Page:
Mary, Mother of the Church, the model of every vocation,
help us to say "Yes" to the Lord Who calls us to cooperate
in the divine plan of salvation.
We ask this through Christ Our Lord. Amen.

Tuesday, January 6, 2009

The Epiphany of the Lord

The Star of Bethlehem by Edward Burne-Jones

Happy 2009! And happy Feast of the Epiphany to you. I've returned from Belgium and have been preparing for the last few days to resume classes tomorrow and soon will start preparing for exams which begin in a few weeks. It's been nice, however, before all that begins, to spend some relatively quiet and reflective days here in Rome.

I had a chance to attend New Year's Eve vespers at St. Peter's and was struck by the hymn which began the service, "Laudamus Te," ("We Praise You"). Although 2008 was a difficult year for most, it's nonetheless important to give thanks and praise to God as we move into the new year. The act of giving back to God, of offering praise, helps in times of hardship especially to orient us to that which is most important and to remind us that our trust truly rests in God, not in the transitory things of this world. This theme is brought out even more clearly the next morning when, on New Year's Day, Catholics celebrate the Solemnity of Mary the Mother of God, the ancient feast which honors Mary's motherhood of Jesus. On that first day of the year, it is fitting to remember her who is the perfect example of the way to approach the new year, with generous response to God (Luke 1:38) and with prayerful awareness to God's action in our lives (Luke 2:19). By recognizing Mary as the mother of Jesus we also acknowledge her as our own mother, asking for her protective intercession. She who lives now with God in heaven is for us a living hope -- indeed, a "Star of Hope," as the pope called her -- that we may one day come to the same joy. It is this dual attitude of praise and hope that properly marks our transition from the old year to the new. Pope Benedict put it well at the vespers service: "The maternal presence of Mary assures us tonight that God will never abandon us, if we entrust ourselves to him and follow his teachings. To Mary, then, with filial affection and trust, let us present our hopes and desires, as well as the fears and the difficulties we carry in our hearts, as we bid farewell to 2008 and prepare ourselves to welcome 2009."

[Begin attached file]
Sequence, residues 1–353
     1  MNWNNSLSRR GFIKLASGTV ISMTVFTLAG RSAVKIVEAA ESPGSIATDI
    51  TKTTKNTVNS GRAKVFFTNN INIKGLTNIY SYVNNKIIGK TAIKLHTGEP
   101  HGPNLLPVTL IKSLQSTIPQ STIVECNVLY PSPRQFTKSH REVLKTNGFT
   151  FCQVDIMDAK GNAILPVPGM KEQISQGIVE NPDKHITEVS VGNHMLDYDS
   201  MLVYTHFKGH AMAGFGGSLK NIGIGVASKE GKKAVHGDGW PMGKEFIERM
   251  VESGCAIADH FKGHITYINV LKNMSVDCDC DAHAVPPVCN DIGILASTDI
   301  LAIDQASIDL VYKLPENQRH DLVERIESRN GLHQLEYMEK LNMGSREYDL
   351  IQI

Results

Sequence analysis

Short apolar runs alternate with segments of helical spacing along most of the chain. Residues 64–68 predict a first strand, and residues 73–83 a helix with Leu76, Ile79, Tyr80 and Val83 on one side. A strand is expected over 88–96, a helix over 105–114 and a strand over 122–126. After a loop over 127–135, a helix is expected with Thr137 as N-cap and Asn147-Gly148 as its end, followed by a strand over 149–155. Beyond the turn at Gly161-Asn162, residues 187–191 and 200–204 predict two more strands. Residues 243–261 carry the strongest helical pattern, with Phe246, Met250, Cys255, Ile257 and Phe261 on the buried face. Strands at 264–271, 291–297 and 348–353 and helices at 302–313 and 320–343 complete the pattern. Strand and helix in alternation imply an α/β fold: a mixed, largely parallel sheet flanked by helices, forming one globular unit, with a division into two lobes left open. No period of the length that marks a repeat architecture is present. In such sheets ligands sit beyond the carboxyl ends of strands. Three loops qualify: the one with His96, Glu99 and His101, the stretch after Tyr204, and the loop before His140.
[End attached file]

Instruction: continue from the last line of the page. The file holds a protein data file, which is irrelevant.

Today we celebrate the Feast of the Epiphany and, as such, remember again the reason for the season. Epiphany was in ancient times a celebration of the Incarnation, much as Christmas has become today. It commemorated several events in the life of Jesus that showed God had become human: the visit of the three kings who worshipped Jesus in Bethlehem, Jesus' changing of the water into wine at Cana, and John's baptism of Jesus in the Jordan. Each of these events, celebrated together at Epiphany in medieval times, constituted a theophany, a divine manifestation or disclosure in the person of Jesus. Today the event is centrally focused on the first of these events, the adoration of the three kings or Magi who came to worship Jesus from the East. We celebrate it, remembering that Christ's birth as man was not a private or isolated event -- rather, the star which foretold it was looked for and seen from afar. Jesus' birth, as witnessed today in the adoration of the Magi, is the fulfillment of human history, the event which not only achieved the redemption of the Jews but which also won the salvation of the Gentiles, whose forefathers (and our forefathers, for most of us) the Magi were.

The Feast of the Epiphany therefore is a continuation and a development of Christmas, the movement from the celebration of the Savior's birth to its public acknowledgment in the Magi's praise of the babe. In the joy and triumph of this feast, there are present nonetheless reminders both of the ignominious death that the Christchild would come to suffer, foreshadowed in the gift of myrrh (used in embalming), and also the eschatological vision, when all in heaven will join in that perpetual adoration of Christ.

These are perhaps heady considerations as we start 2009, but important ones nonetheless as we remember that the Christmas season is still with us, still as present today as it was nearly two weeks ago, still alive in the hearts of all Christians always. This great season calls us to remember not only that God became man but that he became man for us, to die for us, to bring us back to fullness of life and union with Him. The events of his life among us, acknowledged first by our forebearers, the Wise Men, mark for us today a true Epiphany, a true realization of God's presence among us, a realization which truly should fill us with praise and thanksgiving as we begin this new year. As the pope remarked today, this is what constitutes for us Christians the reason for our living, the face of God in our midst.

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It is, regrettably, the way of the world that as we celebrate a time of great peace and joy liturgically, the world instead witnesses in reality anything but. Most especially, let us remember in prayer at this time the Holy Land, the land of our Lord's earthly life, that peace may prevail in the hearts of both peoples and that those who need assistance may receive it. O Lord, as we pray today, may your light be strong, your love near, and "draw us beyond the limits which this world imposes, to the life where your Spirit makes all life complete." Amen.